SOIL PH

The range of garden soils is given by the RHS as 4-8 though some books go to 8.5.

State why 6.5 is the most suitable pH for a wide range of plants in the British Isles.

Normally: Plant growth of a great range of plants is good in the range of 6→7.5; A good pH for most gardens is 6.5 as it suits “most plants” and most plant nutrients are readily available (this alters slightly according to the soil’s texture). `

Soil Structure (soil organisms, crumb formation): Worms dislike acid soils and so such soils have few worms. Worms secret alginate into the soil that acts as a soil glue creating good soil structure. Calcium products can be used to help break down clay soils chemically, so improving the structure (calcium carbonate and hydroxide will alter the soil pH, calcium sulphate will not). Soils with natural high free lime content (calcareous clay) will not respond to the application of lime products.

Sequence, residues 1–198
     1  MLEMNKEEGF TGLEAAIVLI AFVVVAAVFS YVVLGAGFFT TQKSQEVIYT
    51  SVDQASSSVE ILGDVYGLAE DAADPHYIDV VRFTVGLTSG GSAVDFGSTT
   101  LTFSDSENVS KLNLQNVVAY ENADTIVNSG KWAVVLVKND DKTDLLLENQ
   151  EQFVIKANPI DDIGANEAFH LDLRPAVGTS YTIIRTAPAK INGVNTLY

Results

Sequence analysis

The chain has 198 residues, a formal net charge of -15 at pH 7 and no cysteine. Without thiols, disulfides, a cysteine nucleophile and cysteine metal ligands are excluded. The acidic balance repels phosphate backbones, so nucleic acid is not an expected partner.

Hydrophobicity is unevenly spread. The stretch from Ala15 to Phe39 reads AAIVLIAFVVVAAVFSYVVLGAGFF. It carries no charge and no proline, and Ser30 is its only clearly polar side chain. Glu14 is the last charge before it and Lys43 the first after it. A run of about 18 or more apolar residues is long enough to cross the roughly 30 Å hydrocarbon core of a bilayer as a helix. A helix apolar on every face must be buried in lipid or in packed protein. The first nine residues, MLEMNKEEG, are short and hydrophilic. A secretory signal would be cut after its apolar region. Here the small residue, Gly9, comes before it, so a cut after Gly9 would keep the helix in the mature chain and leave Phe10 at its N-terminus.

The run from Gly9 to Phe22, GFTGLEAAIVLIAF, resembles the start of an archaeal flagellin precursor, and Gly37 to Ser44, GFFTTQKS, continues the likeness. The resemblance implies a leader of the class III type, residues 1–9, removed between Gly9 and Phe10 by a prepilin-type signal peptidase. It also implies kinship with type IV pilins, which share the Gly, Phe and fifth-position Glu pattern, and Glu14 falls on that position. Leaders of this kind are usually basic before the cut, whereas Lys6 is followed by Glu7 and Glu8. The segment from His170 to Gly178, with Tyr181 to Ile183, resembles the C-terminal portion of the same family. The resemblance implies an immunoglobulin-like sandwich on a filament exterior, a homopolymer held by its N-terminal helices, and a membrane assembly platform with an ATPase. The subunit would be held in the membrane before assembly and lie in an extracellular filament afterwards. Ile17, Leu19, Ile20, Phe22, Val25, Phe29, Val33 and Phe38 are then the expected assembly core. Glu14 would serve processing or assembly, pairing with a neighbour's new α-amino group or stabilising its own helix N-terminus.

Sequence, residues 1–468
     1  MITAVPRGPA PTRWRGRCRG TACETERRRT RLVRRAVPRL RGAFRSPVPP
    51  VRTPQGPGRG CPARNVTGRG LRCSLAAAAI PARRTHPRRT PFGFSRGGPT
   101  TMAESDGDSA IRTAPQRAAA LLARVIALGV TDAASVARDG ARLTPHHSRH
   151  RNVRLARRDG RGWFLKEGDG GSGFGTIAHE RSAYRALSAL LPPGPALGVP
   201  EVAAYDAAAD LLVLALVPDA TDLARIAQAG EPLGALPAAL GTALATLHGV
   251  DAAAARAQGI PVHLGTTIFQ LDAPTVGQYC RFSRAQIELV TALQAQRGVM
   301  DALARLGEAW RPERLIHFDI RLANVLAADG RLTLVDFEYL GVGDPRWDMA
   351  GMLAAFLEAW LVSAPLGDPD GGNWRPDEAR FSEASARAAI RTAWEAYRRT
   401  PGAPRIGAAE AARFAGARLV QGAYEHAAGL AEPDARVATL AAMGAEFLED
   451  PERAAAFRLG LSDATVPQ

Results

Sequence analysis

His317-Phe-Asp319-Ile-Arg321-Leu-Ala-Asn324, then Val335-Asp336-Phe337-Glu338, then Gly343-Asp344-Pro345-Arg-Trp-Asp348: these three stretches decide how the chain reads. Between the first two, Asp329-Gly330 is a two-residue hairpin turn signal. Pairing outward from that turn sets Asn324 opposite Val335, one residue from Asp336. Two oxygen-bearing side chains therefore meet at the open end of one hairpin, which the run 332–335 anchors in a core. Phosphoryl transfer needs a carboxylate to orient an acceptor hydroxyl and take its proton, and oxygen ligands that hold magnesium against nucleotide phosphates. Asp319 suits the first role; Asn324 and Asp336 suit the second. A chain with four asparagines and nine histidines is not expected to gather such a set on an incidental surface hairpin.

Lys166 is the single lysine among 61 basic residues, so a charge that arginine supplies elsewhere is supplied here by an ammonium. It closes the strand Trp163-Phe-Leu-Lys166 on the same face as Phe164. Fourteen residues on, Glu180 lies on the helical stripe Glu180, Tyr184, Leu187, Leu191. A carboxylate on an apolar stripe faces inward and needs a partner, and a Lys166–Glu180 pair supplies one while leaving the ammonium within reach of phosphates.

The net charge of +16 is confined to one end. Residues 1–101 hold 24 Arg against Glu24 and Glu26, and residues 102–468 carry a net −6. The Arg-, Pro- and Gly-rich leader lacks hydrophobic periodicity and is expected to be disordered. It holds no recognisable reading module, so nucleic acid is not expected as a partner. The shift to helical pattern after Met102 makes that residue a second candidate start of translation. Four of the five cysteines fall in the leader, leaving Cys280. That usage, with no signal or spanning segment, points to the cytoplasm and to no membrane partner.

Nutrient Availability: See above. Nutrient availability is affected by both soil pH and soil texture.

Lime Induced Chlorosis: Where the free lime in the soil locks up iron and magnesium molecules in the soil and makes them unavailable to the plants. This causes a mineral deficiency with iron showing up as yellow young leaves and magnesium as yellow inter-venial patches on old leaves (treat plants with sequestrene of iron).